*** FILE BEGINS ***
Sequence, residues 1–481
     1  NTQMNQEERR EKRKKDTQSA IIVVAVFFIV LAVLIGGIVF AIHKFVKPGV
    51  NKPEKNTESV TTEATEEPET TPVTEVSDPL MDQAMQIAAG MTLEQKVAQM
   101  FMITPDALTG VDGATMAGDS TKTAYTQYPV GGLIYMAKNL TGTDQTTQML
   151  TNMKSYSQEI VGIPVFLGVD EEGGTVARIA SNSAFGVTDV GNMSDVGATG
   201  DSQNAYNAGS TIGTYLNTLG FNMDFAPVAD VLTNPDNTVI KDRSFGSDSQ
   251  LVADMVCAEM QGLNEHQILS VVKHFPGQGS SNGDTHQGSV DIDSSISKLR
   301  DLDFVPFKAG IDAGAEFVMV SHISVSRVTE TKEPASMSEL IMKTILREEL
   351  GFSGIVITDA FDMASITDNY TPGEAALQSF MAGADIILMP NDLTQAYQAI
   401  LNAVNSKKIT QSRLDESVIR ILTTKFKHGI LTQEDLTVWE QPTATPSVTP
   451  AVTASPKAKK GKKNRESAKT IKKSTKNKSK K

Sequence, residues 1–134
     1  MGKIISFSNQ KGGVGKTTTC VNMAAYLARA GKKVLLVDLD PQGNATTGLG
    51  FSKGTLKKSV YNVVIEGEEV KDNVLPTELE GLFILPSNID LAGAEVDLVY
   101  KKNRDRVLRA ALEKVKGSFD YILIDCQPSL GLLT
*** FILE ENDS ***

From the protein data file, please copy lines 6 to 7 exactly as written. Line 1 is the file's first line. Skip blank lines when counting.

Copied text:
   201  DSQNAYNAGS TIGTYLNTLG FNMDFAPVAD VLTNPDNTVI KDRSFGSDSQ
   251  LVADMVCAEM QGLNEHQILS VVKHFPGQGS SNGDTHQGSV DIDSSISKLR